go to content go to search box go to global site navigation
Yellowstone & Grand Teton National Parks
/
8e10686bea7685a55b4145d732a9a48a906c5cd1f3e6b9ebb4ca4c5b74e3946f

Introducing Yellowstone & Grand Teton National Parks

There’s nowhere in the world quite like Greater Yellowstone. From its raging geysers to howling wolf packs, the land stands alone as one last pocket of a wild, primeval America.

Snapshot

In many ways Yellowstone and Grand Teton couldn’t be more different. Yellowstone is the big granddaddy, huge, sprawling and subtle, full of weird thermal basins, big, furry critters and wild, remote corners in which to lose yourself. Grand Teton to the south is smaller, showier and more obviously spectacular, studded with alpine lakes and vertical peaks that offer prime climbing and trekking action, just a stone’s throw from civilization at Jackson Hole.

Whatever your interest, don’t overlook the areas around the parks. From the ranchlands of the Paradise Valley to Jackson Hole, the scenery is just as grand and you’ll find a fraction of the crowds.

Yellowstone

Yellowstone National Park is the crown jewel of the Greater Yellowstone Ecosystem and the destination of nearly every visitor to the region. The real showstoppers are the geysers and hot springs – nature’s crowd pleasers – but at every turn this land of fire and brimstone breathes, belches and bubbles like a giant kettle on the boil. The park’s highways traverse these geysers, through meadows and forests, past roadside herds of bison and campsites aromatic with pine needles and family campfires. In between lies the country’s largest collection of elk, the continent’s oldest, largest wild bison herds and a pristine wilderness roamed by wolves, grizzlies, moose and antelope.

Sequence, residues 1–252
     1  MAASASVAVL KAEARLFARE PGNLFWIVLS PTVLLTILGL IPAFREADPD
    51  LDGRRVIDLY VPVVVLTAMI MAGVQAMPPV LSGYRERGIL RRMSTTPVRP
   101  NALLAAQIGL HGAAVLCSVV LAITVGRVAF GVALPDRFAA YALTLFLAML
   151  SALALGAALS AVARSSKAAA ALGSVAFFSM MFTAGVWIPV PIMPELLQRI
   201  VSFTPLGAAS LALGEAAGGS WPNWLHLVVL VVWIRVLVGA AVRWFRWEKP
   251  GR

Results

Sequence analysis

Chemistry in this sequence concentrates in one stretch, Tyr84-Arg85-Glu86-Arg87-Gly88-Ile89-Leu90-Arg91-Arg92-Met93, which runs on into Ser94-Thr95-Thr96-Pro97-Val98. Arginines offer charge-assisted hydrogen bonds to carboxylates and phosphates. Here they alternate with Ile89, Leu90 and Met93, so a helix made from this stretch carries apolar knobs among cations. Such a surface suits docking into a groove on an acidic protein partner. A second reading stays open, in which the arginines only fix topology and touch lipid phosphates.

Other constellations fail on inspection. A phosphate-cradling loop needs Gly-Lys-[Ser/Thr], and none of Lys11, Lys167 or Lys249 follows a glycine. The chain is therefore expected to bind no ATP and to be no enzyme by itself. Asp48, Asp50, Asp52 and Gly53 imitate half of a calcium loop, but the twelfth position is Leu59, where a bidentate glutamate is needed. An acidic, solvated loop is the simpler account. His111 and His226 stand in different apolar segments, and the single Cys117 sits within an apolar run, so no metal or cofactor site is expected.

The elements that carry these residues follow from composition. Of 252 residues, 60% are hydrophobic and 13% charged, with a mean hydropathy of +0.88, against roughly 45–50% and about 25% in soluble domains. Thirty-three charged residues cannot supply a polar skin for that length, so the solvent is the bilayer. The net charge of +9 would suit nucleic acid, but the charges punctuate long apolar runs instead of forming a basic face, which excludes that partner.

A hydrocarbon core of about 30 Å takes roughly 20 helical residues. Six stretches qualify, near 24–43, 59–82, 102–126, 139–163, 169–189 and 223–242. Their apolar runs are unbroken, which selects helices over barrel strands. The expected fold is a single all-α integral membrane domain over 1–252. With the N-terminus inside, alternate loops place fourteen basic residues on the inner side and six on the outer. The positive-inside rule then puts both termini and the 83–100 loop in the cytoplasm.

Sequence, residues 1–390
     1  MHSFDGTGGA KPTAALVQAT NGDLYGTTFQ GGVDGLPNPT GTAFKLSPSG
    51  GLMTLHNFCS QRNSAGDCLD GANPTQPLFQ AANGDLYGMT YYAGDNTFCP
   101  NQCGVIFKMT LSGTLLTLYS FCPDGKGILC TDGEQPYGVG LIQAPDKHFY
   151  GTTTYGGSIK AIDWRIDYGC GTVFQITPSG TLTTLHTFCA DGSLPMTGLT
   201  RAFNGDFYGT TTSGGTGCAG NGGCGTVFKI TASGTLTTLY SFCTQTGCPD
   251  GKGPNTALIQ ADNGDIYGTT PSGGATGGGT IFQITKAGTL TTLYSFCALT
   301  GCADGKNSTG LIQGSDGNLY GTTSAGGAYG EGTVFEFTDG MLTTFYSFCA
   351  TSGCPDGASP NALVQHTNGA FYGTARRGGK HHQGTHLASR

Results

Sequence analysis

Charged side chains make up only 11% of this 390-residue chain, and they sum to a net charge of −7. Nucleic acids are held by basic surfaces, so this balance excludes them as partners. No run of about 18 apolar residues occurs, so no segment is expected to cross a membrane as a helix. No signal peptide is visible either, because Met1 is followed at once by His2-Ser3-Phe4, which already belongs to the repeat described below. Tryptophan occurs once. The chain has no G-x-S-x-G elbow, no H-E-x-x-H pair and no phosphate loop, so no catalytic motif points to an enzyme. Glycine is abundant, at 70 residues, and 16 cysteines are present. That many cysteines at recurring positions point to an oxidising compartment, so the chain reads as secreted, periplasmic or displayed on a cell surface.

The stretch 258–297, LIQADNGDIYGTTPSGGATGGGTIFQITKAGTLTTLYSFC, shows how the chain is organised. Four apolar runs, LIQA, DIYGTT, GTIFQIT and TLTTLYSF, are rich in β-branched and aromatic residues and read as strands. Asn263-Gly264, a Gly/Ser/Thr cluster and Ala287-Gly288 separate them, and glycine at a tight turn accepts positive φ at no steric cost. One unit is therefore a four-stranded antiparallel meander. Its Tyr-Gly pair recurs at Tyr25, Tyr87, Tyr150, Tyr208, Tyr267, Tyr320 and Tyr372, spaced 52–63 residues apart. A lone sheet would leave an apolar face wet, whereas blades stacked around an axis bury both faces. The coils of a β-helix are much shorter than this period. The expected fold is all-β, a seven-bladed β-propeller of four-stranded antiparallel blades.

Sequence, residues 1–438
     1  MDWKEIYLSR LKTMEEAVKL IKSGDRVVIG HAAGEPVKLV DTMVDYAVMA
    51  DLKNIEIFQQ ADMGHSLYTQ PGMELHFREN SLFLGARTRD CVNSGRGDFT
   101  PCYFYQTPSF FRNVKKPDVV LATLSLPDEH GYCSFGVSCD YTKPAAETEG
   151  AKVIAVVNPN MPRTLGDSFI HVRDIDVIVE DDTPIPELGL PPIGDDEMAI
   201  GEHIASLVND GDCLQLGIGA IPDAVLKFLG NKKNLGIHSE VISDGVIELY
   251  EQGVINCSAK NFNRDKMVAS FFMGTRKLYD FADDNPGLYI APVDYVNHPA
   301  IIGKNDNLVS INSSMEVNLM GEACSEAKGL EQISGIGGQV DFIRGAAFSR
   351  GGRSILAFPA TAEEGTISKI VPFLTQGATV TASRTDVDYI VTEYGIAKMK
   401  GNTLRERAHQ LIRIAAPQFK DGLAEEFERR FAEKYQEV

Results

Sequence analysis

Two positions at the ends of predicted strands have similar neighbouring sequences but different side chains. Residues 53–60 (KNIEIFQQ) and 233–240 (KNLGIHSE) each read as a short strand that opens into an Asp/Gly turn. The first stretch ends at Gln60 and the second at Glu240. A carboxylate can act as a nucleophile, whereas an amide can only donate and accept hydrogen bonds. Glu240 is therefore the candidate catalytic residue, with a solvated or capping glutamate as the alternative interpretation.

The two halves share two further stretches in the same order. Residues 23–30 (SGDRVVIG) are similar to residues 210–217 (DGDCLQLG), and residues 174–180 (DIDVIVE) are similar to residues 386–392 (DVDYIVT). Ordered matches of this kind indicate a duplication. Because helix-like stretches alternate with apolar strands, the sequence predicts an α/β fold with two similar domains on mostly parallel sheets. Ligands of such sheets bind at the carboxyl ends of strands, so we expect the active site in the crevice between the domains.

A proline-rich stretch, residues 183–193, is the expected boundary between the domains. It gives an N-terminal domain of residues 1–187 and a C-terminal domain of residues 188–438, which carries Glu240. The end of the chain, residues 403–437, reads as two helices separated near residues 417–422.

Grand Teton & Beyond

South of Yellowstone is Grand Teton National Park, probably the most famous natural skyline in the United States and the nation’s most iconic mountain range. These vertical peaks, reflected in a string of gorgeous glacial lakes, come the closest to most people’s picture-postcard image of alpine splendor and will send a shiver of excitement down the spine of even the least vertically inclined.

Opportunities to venture into the backcountry abound in both parks, whether it’s on foot, horseback, boat, ski or snowshoe. Buckle up and climb the Tetons, canoe around sublime Shoshone Lake, mountain bike to the summit views of Mt Washburn or hike for days through the remote backcountry – the choice is yours.

The parks’ wonders don’t stop at their boundaries. The two parks and their surrounding protected areas form a larger, interconnected area six times the size of Yellowstone: the Greater Yellowstone Ecosystem. Here you’ll find blue-ribbon trout streams, fabulous hiking trails and a scattering of charming Wild West towns with their gaze set firmly on the great outdoors.

The Essential Outdoor Vacation

More than three million people a year are drawn here, so if you are traveling in July and August be prepared to share the parks’ charms, as well as their campgrounds and parking spots. Yet even in high summer it’s not difficult to shake the crowds. Park the car and head off down a trail, if only for a mile or two, and the parks will embrace you in their rejuvenating beauty.

Whatever your interests, some memories are shared – the taste of s’mores over a campfire, the nose-wrinkling smell of sulfurous steam and the electrifying thrill you get when hearing your first wolf howl. A journey to Yellowstone is a great vacation, but also a modern pilgrimage to two of America’s most admirable and enduring national landmarks.